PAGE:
During the twenty-five years that I served as a licensed mental health therapist, I found few of the Christians I treated (including ministers) possessed a sense of freedom.
This failed sense of freedom contributed to their mental health problems. I confess that much of my service also lacked a freed-heart approach to life. Adherence to people’s needs, along with an overwhelming work ethic, produced a furrowed brow and a tense stomach.
Free love was a slogan some years ago, and it had promiscuousness associated with it. The description, free spirit, was associated with the hippie movement during the early part of my career. I did not want to be associated with their excesses. But what I did not understand was that without freedom ruling a life, a person is enslaved by life and their past. Christ has set us free, and God’s children must watch out for this world’s yokes of slavery.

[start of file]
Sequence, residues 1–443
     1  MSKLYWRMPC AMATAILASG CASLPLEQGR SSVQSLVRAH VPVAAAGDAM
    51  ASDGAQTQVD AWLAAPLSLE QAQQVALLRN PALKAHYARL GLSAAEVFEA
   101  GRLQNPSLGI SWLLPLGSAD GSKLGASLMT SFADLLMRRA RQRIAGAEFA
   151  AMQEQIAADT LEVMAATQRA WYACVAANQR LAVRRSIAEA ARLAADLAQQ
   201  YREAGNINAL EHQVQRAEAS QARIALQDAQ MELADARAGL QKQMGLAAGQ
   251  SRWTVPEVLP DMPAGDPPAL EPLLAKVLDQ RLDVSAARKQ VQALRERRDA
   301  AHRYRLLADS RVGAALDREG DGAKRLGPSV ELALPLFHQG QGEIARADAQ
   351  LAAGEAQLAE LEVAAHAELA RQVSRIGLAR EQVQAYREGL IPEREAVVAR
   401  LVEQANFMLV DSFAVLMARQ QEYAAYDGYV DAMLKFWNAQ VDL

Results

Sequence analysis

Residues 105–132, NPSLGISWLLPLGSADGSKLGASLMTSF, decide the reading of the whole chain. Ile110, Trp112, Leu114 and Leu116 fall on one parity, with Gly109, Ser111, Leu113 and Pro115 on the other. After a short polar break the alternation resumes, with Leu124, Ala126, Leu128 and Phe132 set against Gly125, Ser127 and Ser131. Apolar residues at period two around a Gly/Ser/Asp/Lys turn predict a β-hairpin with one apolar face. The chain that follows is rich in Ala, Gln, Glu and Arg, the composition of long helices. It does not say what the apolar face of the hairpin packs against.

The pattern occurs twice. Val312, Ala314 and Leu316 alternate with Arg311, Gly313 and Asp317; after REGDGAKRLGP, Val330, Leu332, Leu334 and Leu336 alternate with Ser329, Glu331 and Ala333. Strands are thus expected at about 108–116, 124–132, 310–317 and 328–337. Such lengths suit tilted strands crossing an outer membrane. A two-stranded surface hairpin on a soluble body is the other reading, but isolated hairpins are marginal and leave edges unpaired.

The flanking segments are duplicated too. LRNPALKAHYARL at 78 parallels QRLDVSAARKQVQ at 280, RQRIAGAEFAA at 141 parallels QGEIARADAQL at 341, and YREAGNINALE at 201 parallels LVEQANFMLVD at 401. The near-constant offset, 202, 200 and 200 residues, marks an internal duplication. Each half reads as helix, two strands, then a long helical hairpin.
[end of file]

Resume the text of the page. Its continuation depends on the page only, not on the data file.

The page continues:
Yet without love we are nothing. Different types and definitions of love exist—some types are righteous and free while other types enslave and addict.
Having a sense of freedom, or being a free spirit, is God’s desire. Today’s reflection verse tells God’s children they are set free to live in freedom.
Christ has freed His children from themselves, their fallen nature, and the Law. God’s entire Law is summed up in the commandment to love those around us. Love sets us free. No child of God is a free spirit without trusting, rejoicing, and sharing in what Christ has done for them as they live in love’s victory. God’s children are free-spirited love children.
Seek after a heart that is free from this world and all that is in it by abiding in your first love—the Lord Jesus Christ—and what He has done for you.
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The Rev. Dr. Bob Segress served as a licensed psychological clinician for twenty-five years. Upon retiring, he served for fifteen years as a prison minister. Retiring again, he began writing full-time after a period of boredom. He has written: The Biblical Approach To Psychology while serving as a college educator, The Shelton Series, and, in 2012, Ten Years Inside Shelton Prison. Currently, he writes for several publications such as Halo Magazine.